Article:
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Walkerteach Geo
Media and Classroom Hub for Mr. Walker's Geography Class
Curated by Luke Walker
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WE THE ECONOMY 20 Short Films You Can't Afford To Miss

WE THE ECONOMY 20 Short Films You Can't Afford To Miss | Walkerteach Geo | Scoop.it
The Economy. Everyone’s talking about it, but who can explain it? 20 award­-winning directors and 10 of our most respected economists add their voice to the chorus with a thought­-provoking short­-film series.
Luke Walker's insight:

An INCREDIBLE series that looks into a few essential questions on the nature of the American and global economy through a series of 20 short films.

Brought to you by Morgan Spurlock the creative genius behind Supersize Me and 30 Days 

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The Real Price of Gold — National Geographic Magazine

The Real Price of Gold — National Geographic Magazine | Walkerteach Geo | Scoop.it
The Price of Gold: In dollars and suffering, it's never been higher.
Luke Walker's insight:

An insightful article about the extraction of gold.

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31 Images That Show The True Face Of The World – The Awesome Daily - Your daily dose of awesome

31 Images That Show The True Face Of The World – The Awesome Daily - Your daily dose of awesome | Walkerteach Geo | Scoop.it
31 Images That Show The True Face Of The World
Luke Walker's insight:

This is an interesting collection that touches on a lot of relevant themes. It should raise a lot of questions for you. The most important thing to keep in mind is what's the state of the world according to these images, and how do the people and places represented compare and contrast?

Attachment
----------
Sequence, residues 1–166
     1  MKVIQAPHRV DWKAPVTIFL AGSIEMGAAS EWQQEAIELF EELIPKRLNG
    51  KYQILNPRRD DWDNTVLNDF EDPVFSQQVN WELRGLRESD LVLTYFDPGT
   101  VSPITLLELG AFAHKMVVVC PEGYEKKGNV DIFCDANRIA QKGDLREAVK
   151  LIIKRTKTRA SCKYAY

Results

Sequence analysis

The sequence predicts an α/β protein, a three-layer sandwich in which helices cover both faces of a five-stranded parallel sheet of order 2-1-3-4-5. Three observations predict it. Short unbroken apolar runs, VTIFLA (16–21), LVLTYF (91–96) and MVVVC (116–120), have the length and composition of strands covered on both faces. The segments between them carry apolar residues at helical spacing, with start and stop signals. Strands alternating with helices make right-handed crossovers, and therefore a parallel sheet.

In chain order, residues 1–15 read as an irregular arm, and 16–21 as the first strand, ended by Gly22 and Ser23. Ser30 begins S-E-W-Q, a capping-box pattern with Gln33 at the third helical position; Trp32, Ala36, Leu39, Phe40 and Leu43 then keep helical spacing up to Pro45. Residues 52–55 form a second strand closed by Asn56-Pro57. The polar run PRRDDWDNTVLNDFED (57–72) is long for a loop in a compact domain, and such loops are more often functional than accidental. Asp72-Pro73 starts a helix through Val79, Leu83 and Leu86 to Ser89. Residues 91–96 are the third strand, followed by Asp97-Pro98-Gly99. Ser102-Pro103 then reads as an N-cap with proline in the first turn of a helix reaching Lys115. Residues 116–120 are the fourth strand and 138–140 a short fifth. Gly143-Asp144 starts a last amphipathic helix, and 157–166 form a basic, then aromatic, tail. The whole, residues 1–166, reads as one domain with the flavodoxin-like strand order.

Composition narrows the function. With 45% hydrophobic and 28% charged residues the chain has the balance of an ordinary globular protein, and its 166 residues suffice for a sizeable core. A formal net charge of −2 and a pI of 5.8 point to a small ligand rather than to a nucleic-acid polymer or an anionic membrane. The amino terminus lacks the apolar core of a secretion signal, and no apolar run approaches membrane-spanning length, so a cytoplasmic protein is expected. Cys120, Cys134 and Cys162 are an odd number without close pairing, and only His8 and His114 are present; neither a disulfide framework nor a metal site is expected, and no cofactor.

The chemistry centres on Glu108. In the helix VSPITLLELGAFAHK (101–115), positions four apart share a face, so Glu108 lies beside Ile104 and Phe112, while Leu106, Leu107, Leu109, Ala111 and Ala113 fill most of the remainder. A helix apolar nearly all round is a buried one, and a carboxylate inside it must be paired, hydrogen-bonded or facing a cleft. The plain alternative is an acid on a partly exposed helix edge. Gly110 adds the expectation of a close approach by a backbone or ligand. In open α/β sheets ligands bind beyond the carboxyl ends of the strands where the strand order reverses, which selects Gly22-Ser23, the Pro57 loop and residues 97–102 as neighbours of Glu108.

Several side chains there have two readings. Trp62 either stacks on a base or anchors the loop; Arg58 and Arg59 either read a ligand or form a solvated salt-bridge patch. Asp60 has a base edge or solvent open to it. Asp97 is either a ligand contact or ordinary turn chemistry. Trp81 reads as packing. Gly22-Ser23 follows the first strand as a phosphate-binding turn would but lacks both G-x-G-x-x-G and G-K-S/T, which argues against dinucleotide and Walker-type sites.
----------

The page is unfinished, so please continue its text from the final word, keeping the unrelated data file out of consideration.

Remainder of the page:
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CT Blake's curator insight, October 5, 2014 10:47 AM

I don't know HOW to use this yet....but I'm determined to make a lesson out of these pics.

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Congo's Bloody Coltan | Pulitzer Center

Congo's Bloody Coltan | Pulitzer Center | Walkerteach Geo | Scoop.it
Luke Walker's insight:

So I found this video footage of Congo's Coltan industry. I thought it would go very well with our class discussion of externalities and the true cost of the electronics and products we consume.

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25 US Mega Corporations: Where They Rank If They Were Countries

25 US Mega Corporations: Where They Rank If They Were Countries | Walkerteach Geo | Scoop.it
The real powerful states of the world.
Luke Walker's insight:

What if 25 US Mega Corporations were ranked against the GDP of countries?

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America’s coal heartland is in economic freefall

America’s coal heartland is in economic freefall | Walkerteach Geo | Scoop.it
The coal economy in Central Appalachia is in an unprecedented freefall. Which isn't making it easier for workers to move on.

Via Seth Dixon
Luke Walker's insight:

This is relevant to early posts about coalfields in West Virginia.

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Nick Smith's curator insight, September 9, 2014 12:24 PM

This effects the eastern part of our state and our country overall. The fall of the coal field is hurting our economy.

James Hobson's curator insight, September 15, 2014 5:58 PM

(North America post 3)
Built upon from class today, this article discusses the hardship many Appalachian families are feeling as the coal mining business continues to evolve and industrialize. Although coal was the major 'boom' behind many of these towns, the 'bust' hits more than just those laid off by the industry. Like a chain reaction, other families and their businesses suffer; less income leads to less eating out leads to less income for restaurants, and it goes on and on.  This article is also good at showing that geography is more than spatial and economic: on certain levels, it's also relational, personal, cultural, and historic, giving residents strong feelings behind their decisions to stay.

Alec Castagno's curator insight, September 23, 2014 10:44 AM

This video really shows the relationship between sense of place versus economic geography. Even though the town is no longer the rich mining town it once was, the remaining residents still cling to the past and their sense of identity remains strong. It demonstrates that cultural heritage is a powerful factor that can remain long after dramatic economic changes. Even though there are few opportunities left in the town and the majority of its young people leave for greener pastures, some residents still identify so strongly with the area that they are willing to do whatever they can to revitalize their town.

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Blue Gold : World Water Wars (Official Full Length Film)